A new breed of so-called selfie drones is making its debut as more and more drones take to the skies amid increasing concerns about safety and privacy.
These small, devices, some of which are wearable, make it easier to launch a drone with the flick of a wrist to take a selfie or track and photograph certain activities.
The problem is that drones are already banned in numerous venues in the United States, including sports arenas that are designated by the U.S. Federal Aviation Administration (FAA) as “national defense airspace,” national parks, college campuses, and more recently, the sites Pope Francis will visit when he comes to Washington on September 22.
Safety is a primary concern. The FAA has clear regulations on the operation of recreational or hobbyist drones – also referred to as Unmanned Aircraft Systems (AUS) and model aircraft – to ensure that they do not jeopardize air traffic or get sucked into the engine of an airliner, for example.
Nevertheless, reports of more frequent encounters between drones and commercial flights continue to rise.
An ongoing problem in most cases is the inability to identify and track drone operators, particularly if sighting reports are not specific or are inaccurate. But an FAA spokesman told TECHtonics that efforts are underway to address this issue; and that some measures might require Congressional authorization.
Brian Wynne, President and CEO of the Association of Unmanned Vehicle Systems International (AUVSI) said his group “supports the registration of unmanned aircraft and UAS operators flying commercially with the FAA to help identify them.” But he urged operators to visit Know Before You Fly, an educational campaign website, to learn more about restrictions and rules before they buy a drone.
AUVSI has been urging the FAA to complete safety rules for commercial unmanned aircraft systems operations that would require all operators to follow either commercial aircraft rules or safety guidelines of community-based organizations. The FAA faces a September 30 deadline to complete the new regulations.
“Once the rules are finalized, consumers will no longer be able to fly without oversight and education,” said Wynne in an email.
But the conversation about safety is far from over. And privacy concerns are coming to the forefront as more and more recreational and commercial drones take to the skies in coming months, possibly equipped with cameras, facial recognition and other technologies.
A case in point is the recent misadventure of an enterprising drone operator who photographed a monk enjoying the solitude on top of a wind turbine at a Rhode Island private school and then posted the picture online, presumably without license.
U.S. regulators have been unable to formulate privacy rules for drones. And the FAA has come under fire for not having more comprehensive privacy regulations in this regard.
But Wynne argued that there is already a “robust legal framework in place to protect Americans’ right to privacy.”
“And these laws apply to UAS just like any other technology,” he said. “For more than 220 years, the Fourth Amendment has been applied to new technologies used in warrantless observations and it will continue to be applied to UAS and other future technologies.”
Wynne argued that privacy policies should focus on how data is collected and used, not on the type of device collecting the data.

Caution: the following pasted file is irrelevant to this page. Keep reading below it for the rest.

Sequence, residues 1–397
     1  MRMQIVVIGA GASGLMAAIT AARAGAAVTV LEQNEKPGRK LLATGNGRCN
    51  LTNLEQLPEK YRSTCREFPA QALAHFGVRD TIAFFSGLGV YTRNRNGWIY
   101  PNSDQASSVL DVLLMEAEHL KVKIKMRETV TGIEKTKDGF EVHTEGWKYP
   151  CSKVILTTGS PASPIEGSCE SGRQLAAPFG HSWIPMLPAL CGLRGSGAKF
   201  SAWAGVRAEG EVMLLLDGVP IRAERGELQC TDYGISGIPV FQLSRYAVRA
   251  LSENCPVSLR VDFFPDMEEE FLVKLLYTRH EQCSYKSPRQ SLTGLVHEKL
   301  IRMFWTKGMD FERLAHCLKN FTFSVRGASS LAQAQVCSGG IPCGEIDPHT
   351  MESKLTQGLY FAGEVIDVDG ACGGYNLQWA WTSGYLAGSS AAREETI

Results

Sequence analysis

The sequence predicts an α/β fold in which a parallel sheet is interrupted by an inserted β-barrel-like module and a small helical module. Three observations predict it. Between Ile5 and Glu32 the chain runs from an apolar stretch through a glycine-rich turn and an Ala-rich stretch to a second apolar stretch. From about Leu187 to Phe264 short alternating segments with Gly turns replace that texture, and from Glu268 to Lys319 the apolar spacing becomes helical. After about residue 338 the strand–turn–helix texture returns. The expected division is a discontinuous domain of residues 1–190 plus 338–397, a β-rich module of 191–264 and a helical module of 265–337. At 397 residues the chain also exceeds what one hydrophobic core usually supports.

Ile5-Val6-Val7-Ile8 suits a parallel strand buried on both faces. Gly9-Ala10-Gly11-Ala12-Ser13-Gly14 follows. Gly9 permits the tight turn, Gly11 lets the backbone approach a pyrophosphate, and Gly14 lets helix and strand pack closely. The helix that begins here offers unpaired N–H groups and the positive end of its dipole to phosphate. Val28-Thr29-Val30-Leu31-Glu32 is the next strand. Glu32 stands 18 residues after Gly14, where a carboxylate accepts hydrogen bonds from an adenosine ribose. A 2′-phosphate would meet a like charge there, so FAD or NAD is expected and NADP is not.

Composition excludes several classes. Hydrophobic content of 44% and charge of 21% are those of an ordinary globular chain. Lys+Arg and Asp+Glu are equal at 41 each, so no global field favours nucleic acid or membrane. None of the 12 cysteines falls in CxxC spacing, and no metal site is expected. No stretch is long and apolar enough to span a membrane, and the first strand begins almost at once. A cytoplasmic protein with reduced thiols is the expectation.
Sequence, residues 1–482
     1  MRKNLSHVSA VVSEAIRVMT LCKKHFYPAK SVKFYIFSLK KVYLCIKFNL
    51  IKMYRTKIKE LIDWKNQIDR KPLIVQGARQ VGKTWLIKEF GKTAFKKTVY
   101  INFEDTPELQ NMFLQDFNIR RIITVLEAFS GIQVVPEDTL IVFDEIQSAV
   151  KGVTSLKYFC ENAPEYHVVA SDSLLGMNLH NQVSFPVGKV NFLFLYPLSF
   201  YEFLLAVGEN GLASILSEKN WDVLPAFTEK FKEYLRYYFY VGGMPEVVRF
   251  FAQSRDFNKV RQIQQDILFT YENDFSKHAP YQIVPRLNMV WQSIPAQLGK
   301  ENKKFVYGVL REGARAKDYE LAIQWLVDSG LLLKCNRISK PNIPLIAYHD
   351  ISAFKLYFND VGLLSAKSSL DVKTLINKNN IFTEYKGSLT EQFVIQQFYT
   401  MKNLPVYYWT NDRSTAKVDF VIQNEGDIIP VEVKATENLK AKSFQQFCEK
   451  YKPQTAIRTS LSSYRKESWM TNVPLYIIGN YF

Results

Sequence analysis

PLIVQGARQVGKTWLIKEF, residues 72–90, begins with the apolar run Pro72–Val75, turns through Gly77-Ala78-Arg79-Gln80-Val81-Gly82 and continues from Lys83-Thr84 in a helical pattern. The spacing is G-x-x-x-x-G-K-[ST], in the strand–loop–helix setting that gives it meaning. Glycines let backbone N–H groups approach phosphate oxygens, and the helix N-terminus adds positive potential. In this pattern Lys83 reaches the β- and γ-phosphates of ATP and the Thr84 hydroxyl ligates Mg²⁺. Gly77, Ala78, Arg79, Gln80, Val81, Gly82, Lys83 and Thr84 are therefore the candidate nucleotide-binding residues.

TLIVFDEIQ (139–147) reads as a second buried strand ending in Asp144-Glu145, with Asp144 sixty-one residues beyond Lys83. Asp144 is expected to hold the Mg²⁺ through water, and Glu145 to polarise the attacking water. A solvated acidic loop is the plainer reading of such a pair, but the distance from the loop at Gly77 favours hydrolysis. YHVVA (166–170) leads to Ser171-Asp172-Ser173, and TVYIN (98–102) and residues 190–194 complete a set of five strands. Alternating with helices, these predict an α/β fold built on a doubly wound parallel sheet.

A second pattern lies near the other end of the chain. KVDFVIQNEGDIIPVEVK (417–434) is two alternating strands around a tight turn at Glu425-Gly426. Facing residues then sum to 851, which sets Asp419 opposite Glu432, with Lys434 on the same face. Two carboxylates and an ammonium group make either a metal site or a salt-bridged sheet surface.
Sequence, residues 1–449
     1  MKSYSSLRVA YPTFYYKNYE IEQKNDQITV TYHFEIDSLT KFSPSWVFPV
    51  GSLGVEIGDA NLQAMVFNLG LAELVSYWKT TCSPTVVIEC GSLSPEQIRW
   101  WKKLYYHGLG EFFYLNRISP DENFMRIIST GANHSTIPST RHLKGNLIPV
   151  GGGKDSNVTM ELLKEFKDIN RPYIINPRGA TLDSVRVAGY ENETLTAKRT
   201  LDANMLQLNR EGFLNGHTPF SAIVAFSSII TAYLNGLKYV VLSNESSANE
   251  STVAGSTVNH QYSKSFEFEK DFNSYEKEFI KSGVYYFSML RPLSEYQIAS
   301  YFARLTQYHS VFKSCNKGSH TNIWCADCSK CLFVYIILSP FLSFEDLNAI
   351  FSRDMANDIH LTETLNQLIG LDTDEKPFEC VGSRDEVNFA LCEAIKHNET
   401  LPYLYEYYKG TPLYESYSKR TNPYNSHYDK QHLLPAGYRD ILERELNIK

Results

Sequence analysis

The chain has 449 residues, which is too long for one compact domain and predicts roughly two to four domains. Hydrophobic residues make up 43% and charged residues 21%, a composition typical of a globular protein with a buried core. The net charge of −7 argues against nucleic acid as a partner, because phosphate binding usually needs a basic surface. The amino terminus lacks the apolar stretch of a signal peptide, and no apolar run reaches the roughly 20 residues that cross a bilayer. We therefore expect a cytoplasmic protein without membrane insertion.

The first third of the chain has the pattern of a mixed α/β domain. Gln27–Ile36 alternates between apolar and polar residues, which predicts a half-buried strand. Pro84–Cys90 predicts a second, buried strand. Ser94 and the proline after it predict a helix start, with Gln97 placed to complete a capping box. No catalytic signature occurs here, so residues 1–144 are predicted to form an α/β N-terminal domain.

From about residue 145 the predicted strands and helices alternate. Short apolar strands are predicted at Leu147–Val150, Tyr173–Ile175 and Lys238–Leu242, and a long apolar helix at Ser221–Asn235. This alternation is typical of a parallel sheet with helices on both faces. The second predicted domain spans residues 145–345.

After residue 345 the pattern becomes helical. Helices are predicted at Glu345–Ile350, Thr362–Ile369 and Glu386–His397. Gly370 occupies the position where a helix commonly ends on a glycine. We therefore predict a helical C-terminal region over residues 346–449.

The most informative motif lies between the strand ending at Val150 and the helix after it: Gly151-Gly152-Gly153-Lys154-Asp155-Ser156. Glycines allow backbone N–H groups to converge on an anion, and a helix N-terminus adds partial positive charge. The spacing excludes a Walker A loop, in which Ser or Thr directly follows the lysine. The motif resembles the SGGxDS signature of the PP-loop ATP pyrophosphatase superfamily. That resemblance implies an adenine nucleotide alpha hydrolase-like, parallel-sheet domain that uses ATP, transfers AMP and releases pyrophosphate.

But privacy advocates like the non-profit Electronic Privacy Information Center (EPIC), which sued the FAA in search of more comprehensive privacy rulings, are more concerned about the use of commercial drones, particularly if equipped with facial recognition tools, thermal sensors, and other tracking technologies.
“There are virtually no laws or regulations to address the commercial use of drones to collect mass amounts of data on the public,” said Jeramie Scott, EPIC’s National Security Counsel and Privacy Coalition Coordinator. “For example, there are currently no transparency requirements imposed on the commercial use of drones to meaningfully inform the public of what information is collected, what the information is used for, and how long that information is retained.”
Scott added in an email that Americans “should not have to wait years to uncover how commercial industry is using drones to collect data on the public. That’s a problem.”
Congress has been pushing for more comprehensive guidelines to address privacy concerns. And in February, U.S. President Barack Obama directed the Commerce Department’s NTIA – the National Telecommunications and Information Administration – to develop best practices for privacy and accountability with regard to the use of commercial and private UAS.
An NTIA spokeswoman said in an email that “stakeholders continue to work toward a code of conduct” regarding the privacy implications of drones equipped with facial recognition technologies.
“The FAA’s Roadmap notes that there is no Federal law that specifically addresses privacy concerns with respect to civil UAS operations,” she said. “We are encouraged by the breadth of participation at our first multistakeholder meeting last month, where representatives from industry, academia and consumer privacy groups actively participated in the discussion. As in any multistakeholder engagement, the outcome will be determined only by the participants themselves.”
The agency’s recommendations will be non-binding. But if you are eyeing one of those selfie drones, consider that the laws of the land still apply for trespassing, voyeurism and stalking and that the FAA defines an aircraft as “a device that is used or intended to be used for flight in the air, meaning that the drone is subject to all applicable regulations.